Turtle Rock Studios, Inc. v. Digital Development Management, Inc.
Case number: TAC-41987
Before the Labor Commissioner of the State of California
Petition Dismissed: March 20th, 2017
Filed on December 29, 2015, this case concerns Turtle Rock Studios, Inc. (the Petitioner), a California Corporation, who argued that Digital Development Management, in acquiring the video game developer and publisher THQ and negotiating on Turtle Rock’s behalf, performed services as a “talent agent” within the meaning of California’s Labor Code section 1700.4. Turtle Rock is a studio that creates video games and video game software companies. Turtle Rock claims this includes large corporations employing hundreds of employees that create video game software as “artists” under the Labor Code.
Turtle Rock argued that DDM was not licensed by the State Labor Commissioner as a talent agent. Turtle Rock argued that by acting as talent agents without securing a license, DDM violated Labor Code section 1700.5. The corporation sought an order requesting: (1) to determine that DDM violated the Labor Code by acting as an unlicensed talent agent; (2) to declare the agreement between the parties to be void; (3) to account for of all monies obtained by DDM stemming from the agreement; (4) to require DDM to repay Turtle Rock for any amounts paid under the agreement; and (5) to suspend or revoke DDM’s license for violating the Labor Code.
On March 20th, 2017, the Special Hearing Officer for the Labor Commissioner dismissed the petition to determine controversy. The officer did not believe the legislature intended to require the licensing of all representatives of a corporation whose primary functions are to create entertainment related products. The officer explained this would expand the Commissioner’s role to become the mediator of all business disputes that could arise in entertainment deals. The officer determined the Division of Labor Standards Enforcement would take each future petition that names a corporation as an artist and evaluate them on a case-by case basis.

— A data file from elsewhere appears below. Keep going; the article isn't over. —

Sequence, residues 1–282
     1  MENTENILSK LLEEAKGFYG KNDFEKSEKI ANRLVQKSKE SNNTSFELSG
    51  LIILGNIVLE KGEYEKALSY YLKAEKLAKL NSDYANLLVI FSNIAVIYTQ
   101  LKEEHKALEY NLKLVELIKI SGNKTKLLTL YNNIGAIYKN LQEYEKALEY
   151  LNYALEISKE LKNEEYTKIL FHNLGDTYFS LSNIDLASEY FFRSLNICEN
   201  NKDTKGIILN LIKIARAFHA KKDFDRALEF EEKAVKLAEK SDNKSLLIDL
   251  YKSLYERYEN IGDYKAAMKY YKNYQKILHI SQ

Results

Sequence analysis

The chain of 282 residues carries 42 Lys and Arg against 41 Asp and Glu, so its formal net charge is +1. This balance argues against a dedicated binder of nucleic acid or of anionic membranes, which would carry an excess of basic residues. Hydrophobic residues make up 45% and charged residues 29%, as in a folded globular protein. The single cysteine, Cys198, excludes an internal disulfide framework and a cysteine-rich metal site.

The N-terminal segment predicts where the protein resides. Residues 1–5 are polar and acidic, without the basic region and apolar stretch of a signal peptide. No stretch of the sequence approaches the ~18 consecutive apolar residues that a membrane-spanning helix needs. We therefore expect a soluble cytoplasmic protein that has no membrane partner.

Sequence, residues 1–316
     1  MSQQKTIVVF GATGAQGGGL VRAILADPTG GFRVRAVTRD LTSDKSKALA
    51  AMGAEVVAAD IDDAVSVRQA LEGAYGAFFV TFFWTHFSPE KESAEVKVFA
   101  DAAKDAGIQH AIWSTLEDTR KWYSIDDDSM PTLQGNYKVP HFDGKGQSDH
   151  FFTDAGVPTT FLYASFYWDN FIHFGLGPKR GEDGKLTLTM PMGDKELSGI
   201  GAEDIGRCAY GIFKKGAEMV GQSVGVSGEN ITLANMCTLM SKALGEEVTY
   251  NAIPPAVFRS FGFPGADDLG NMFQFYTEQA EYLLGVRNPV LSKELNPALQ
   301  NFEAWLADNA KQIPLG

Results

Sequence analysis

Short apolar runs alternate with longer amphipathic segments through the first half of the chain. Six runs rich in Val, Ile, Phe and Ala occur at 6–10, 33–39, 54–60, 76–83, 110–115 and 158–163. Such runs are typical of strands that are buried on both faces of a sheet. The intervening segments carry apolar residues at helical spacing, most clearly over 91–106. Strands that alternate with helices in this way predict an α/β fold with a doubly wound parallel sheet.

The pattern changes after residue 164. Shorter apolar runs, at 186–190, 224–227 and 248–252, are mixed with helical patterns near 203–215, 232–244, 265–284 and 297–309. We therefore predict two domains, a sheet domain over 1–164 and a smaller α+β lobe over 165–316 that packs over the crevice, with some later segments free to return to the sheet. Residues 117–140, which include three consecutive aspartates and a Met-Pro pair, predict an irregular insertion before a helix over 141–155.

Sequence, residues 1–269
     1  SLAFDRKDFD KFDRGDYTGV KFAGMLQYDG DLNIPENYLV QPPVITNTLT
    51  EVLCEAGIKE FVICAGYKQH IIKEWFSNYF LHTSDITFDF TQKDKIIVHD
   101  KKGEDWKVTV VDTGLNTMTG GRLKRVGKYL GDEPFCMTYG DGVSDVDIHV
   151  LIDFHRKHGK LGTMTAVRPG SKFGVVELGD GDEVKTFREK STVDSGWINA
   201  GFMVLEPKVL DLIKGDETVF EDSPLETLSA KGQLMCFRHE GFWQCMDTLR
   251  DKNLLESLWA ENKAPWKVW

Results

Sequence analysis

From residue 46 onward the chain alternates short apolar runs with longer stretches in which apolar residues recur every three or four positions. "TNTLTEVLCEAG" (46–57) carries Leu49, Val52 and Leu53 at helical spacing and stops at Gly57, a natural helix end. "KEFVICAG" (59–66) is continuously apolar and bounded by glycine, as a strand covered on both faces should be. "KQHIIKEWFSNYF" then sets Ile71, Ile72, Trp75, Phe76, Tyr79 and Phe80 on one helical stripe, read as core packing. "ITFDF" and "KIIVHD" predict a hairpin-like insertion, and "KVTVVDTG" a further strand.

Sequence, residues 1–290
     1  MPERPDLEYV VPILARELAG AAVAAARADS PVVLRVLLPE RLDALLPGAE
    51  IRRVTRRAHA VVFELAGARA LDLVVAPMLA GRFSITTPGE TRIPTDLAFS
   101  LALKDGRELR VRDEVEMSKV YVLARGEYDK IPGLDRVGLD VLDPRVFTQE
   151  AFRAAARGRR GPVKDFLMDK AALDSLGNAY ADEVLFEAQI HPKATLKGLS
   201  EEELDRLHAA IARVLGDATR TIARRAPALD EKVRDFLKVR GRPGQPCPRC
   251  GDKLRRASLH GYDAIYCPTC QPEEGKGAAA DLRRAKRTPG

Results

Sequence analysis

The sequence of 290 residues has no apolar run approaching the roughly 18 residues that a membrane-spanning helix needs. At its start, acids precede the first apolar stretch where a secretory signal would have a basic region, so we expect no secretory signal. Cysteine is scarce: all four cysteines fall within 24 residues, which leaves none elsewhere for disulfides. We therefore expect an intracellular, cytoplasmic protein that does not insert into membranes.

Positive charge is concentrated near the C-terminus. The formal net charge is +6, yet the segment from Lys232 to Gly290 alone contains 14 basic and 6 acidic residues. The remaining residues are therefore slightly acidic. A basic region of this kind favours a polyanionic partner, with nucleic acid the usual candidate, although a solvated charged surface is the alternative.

The officer determined the employees at Turtle Rock were not “artists” within the meaning of the Talent Agencies Act (Labor Code sections 1700, et seq). Therefore, DDM could not be “talent agents” since a talent agency is defined by securing employment for artists. The officer found the parties’ agreement was not subject to the provisions of the Act, and the controversy did not “arise under” the Act. Therefore, the Labor Commissioner did not have jurisdiction to hear or decide the merits of the case.
This case is an example of disputes regarding the growing number talent agents in the field of video games. As a company that markets itself as a talent agency, it is interesting that DDM’s employees were found not be talent agents since employees at Turtle Rock did not count as artists. While countless film actors, writers, and directors have agents, it is very common for similar roles in the gaming industry to lack similar representation. Agents have been trying (only recently successfully) to break into the video game industry for years, making deals with companies such as EA to establish themselves in Los Angeles. This trajectory lags behind more established entertainment mediums, as talent agents in the film industry started flourishing in the 30s, and agents in the music industry firmly established themselves as late as the 60s. Only time will tell how legal disputes between people in the gaming industry and their “agents” will play out in the future.
Additional Research By: Rachel Johns
(Editor’s Note: This case is outside our normal content area, but involves the artists and talent that create IP, so we felt it worthy of inclusion)